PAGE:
The Anatomy of Climate Anxiety
Save the Eukaryotes. Not exactly catchy, but COP26’s main goal is to unite the world in tackling Climate Change. Our research demonstrates that protecting the world’s biosphere is the most effective way to engage and motivate voters.
The 26th UN Climate Change Conference of the Parties (COP26) kicks off on 31st October in Glasgow. It’s overall objective, to tackle Climate Change, is divided into four goals – achieve net zero by 2050, prepare for Climate Change, mobilise the necessary financing and facilitate collaboration between governments, businesses, and citizens.
To do all this, particularly the fourth, COP26 needs to capture people’s attention and motivate them into action. But do people even care and, if so, what about? There’s a lot of potential Climate Change consequences. Which effects of Climate Change do people find the most distressing? What will have the biggest impact on their behaviours?
Figure 1: Climate Change Anxieties
Source: Dectech Research (Sep 2021, N = 1,281). Statements categorised based on factor analysis loadings with promax rotation. Distressed defined as top two responses on a 7-point Likert scale from ‘Not that Worried’ to ‘Extremely Distressed’.
To answer these questions, we measured people’s distress across 25 negative effects of human activity. Figure 1 shows that people’s biggest worry, pollution of the oceans, distresses 48% of people. The average over all the effects is 36%. This compares to benchmark agreement rates for this type of question of 18%, a rate exceeded by even the lowest ranking concern, genetic modification of crops. People are certainly worried.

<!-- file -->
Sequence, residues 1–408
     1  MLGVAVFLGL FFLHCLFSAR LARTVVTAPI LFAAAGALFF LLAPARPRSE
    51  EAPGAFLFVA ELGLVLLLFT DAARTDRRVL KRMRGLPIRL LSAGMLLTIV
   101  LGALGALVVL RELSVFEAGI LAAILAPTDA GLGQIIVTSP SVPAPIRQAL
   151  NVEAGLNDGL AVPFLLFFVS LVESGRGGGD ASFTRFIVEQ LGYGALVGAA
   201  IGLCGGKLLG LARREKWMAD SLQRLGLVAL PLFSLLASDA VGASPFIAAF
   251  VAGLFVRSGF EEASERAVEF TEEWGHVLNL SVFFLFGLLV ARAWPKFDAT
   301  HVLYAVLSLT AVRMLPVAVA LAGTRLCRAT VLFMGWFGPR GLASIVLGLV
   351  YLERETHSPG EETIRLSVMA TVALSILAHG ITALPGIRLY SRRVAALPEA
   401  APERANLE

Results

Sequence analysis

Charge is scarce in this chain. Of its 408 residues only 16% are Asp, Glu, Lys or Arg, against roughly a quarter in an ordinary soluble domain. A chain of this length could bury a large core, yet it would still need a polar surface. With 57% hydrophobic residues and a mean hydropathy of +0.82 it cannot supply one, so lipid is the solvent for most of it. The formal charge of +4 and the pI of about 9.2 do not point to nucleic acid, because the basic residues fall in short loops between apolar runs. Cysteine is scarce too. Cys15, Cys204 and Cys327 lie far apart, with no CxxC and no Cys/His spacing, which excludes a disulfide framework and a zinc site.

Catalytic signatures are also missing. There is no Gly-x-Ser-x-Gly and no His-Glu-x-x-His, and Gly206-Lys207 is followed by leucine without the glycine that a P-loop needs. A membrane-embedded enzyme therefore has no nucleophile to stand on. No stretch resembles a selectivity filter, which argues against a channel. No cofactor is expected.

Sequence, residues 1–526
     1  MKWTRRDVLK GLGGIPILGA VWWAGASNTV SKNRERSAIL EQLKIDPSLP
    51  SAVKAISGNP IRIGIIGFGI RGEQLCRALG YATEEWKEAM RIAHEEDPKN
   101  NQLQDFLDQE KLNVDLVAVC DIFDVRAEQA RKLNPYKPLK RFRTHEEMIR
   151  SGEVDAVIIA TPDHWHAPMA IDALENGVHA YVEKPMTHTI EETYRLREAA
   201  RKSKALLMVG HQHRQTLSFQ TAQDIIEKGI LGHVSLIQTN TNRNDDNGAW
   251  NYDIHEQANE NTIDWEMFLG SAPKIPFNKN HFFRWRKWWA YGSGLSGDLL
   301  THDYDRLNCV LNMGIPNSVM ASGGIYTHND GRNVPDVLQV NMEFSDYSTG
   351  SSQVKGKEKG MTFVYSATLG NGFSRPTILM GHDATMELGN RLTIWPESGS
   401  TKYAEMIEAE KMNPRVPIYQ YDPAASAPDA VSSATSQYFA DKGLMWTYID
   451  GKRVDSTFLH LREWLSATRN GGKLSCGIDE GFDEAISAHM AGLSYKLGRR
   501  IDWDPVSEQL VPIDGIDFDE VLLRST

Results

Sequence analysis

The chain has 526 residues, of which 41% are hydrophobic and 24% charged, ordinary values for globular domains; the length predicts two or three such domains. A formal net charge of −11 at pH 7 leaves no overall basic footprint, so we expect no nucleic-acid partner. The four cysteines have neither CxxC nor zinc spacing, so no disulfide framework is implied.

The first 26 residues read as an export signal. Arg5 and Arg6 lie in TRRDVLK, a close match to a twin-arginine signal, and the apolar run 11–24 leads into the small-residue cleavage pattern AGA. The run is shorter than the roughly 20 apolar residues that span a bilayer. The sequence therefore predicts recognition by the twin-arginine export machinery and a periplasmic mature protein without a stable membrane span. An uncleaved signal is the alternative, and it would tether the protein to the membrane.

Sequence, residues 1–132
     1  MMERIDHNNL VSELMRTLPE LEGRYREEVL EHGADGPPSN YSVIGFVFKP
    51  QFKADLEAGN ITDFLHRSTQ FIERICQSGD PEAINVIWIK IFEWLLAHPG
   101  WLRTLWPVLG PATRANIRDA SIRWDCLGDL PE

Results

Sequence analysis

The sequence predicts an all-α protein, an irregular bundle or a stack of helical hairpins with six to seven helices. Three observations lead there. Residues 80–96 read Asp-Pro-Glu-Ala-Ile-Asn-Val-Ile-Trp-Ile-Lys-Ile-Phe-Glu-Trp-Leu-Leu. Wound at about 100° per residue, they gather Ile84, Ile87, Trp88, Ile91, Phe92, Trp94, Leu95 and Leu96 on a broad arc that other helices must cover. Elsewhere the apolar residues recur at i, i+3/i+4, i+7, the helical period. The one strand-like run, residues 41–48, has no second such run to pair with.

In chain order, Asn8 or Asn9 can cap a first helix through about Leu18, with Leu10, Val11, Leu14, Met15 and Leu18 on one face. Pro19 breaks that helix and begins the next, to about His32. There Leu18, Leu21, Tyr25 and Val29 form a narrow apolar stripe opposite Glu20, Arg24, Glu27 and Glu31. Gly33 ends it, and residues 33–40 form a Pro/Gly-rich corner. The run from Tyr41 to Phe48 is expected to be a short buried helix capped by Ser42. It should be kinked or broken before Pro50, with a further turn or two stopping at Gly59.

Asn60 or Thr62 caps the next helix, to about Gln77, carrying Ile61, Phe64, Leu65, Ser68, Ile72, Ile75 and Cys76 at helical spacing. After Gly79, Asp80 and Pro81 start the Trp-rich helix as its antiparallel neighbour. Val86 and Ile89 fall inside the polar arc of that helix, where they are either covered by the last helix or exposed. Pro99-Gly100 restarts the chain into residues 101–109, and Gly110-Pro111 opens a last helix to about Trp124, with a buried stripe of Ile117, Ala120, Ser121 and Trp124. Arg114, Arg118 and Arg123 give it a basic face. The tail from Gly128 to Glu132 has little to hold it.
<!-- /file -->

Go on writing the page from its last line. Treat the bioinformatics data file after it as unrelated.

The typical person is distressed about nine effects, over a third of the list, and there are patterns to which nine they pick. The worries fall into three categories. The people upset about ocean pollution are also worried about deforestation, habitat destruction and biodiversity loss. Other people put more emphasis on the dangers of scientific progress or the human and economic costs of Climate Change.
Figure 2: Who is Anxious?
Source: Dectech Research (Sep 2021, N = 1,281). The table shows the difference from the average proportion distressed about each factor, where each factor represents the average distress across the top 4 loading statements. The demographic effects shown were picked because they were statistically significant in a multivariate regression.
Of these three, it’s mankind’s impact on nature that upsets people most. Callous as it seems, people are more worried about the acidification of seas or loss of polar ice caps than human fatalities from heatwaves or flooding. The message to COP26 is that people care most about protecting the biosphere. That’s the most powerful route to mobilising them. Extinction Rebellion have already understood this point.
Finally, the distress varies across people. Figure 2 shows that, perhaps unexpectedly, it’s older people that care more. Extinction Rebellion’s founders are in their 50s and those unpopular Insulate Britain protestors are similarly old. Likewise, Facebook users are more distressed (even after controlling for age). It’s said that Climate Change disinformation has spread rapidly via Facebook. If that’s the case, it doesn’t seem to be working.
People are increasingly alarmed by Climate Change. They witness unprecedented forest fires, catastrophic flooding and retreating glaciers. They read about dying coral reefs, dwindling polar bear populations and the loss of nesting habitats to rising sea levels. COP26 is an opportunity to harness these anxieties and deliver a solution. Protecting Earth’s precious biosphere is the best way to motivate people. Save the Eukaryotes.